One of Trump's Two `Currency Manipulators' Is Still at It

(Bloomberg) -- Donald Trump isn’t exactly getting his way with Russia since accusing it in April, alongside China, of “playing the currency devaluation game.”

Thanks to a fiscal mechanism in effect since 2017, a revenue windfall from oil and gas is spent on purchasing foreign currency in the domestic market and channeled into a sovereign fund when Russia’s Urals export blend is above $40 a barrel. Without this budget rule, the ruble would trade at about 50 versus the dollar at current oil prices, or almost 30 percent stronger than its present value, according to Finance Minister Anton Siluanov.

Since the U.S. president’s tweet in April singled out Russia and China for gaming their currencies, the ruble is down over 3 percent against the dollar, despite a rally of more than 3 percent in oil during the period. In emerging markets, only Argentina’s peso, the Turkish lira and the Brazilian real have had a worse year than the Russian currency, whose 9 percent drop so far in 2018 was also fueled by U.S. sanctions in April.

One of Trump's Two `Currency Manipulators' Is Still at It

Unlike other countries that have suffered currency declines, Russia’s approach has won praise from rating companies and the International Monetary Fund. It also accomplished the feat without compromising the credibility of the central bank, which has allowed the ruble to trade freely since late 2014.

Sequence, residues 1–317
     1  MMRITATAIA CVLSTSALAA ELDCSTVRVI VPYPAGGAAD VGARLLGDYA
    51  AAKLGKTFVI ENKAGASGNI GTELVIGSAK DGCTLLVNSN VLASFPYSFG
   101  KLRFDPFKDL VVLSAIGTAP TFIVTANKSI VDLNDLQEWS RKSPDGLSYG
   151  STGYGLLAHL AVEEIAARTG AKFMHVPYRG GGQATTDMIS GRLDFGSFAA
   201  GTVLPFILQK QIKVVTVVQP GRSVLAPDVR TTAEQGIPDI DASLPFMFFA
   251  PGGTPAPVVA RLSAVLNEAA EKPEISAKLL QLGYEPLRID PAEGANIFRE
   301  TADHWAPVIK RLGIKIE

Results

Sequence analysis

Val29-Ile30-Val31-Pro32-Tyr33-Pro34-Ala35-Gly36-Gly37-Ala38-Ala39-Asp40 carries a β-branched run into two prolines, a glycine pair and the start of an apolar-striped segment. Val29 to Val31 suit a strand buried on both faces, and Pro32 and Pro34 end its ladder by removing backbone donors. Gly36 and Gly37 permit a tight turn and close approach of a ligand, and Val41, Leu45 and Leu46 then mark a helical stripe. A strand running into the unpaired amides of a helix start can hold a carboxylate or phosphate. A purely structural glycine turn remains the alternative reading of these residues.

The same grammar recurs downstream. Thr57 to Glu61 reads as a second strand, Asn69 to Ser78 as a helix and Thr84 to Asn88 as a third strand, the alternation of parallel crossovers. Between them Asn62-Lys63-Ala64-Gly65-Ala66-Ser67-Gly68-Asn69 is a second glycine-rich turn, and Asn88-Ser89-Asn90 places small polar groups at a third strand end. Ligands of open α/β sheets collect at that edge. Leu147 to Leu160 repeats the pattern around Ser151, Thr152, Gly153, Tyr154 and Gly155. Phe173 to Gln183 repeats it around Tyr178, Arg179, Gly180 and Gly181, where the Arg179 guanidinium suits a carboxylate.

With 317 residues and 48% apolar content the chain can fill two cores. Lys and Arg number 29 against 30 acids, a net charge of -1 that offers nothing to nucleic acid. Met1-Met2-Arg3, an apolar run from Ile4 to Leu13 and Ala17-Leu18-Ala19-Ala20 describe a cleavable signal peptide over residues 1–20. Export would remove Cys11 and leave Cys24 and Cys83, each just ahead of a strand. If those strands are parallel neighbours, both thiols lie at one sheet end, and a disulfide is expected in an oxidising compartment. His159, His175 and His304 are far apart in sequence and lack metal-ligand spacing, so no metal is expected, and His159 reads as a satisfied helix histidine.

After Trump’s tweet, a top official at the Bank of Russia said authorities are letting the market determine the exchange rate and have no intention of weakening the ruble.

Siluanov, who was promoted to an additional role of first deputy prime minister after President Vladimir Putin’s re-election in March, didn’t sound apologetic about the consequences of the budget rule for the exchange rate. Asked in Moscow on Wednesday about possible adjustments to the mechanism depending on changes in oil, Siluanov said the policy has served Russia well, making the ruble more predictable.

It also keeps the Russian currency from depreciating sharply if oil prices fall, according to Siluanov. Brent crude slipped close to $73 a barrel on Thursday and the ruble traded little changed near 63.7 against the dollar in Moscow. When oil was near the same level in November 2014, the ruble was at just around 50 versus the U.S. currency. The ruble was 0.8 percent stronger on Friday at 63.2375 as of 10:34 a.m. in Moscow as crude rebounded.

“We prepared this budget rule together with the central bank,” Siluanov said. The goal is “to ensure predictability in business activity from fluctuations in the exchange rate.”

©2018 Bloomberg L.P.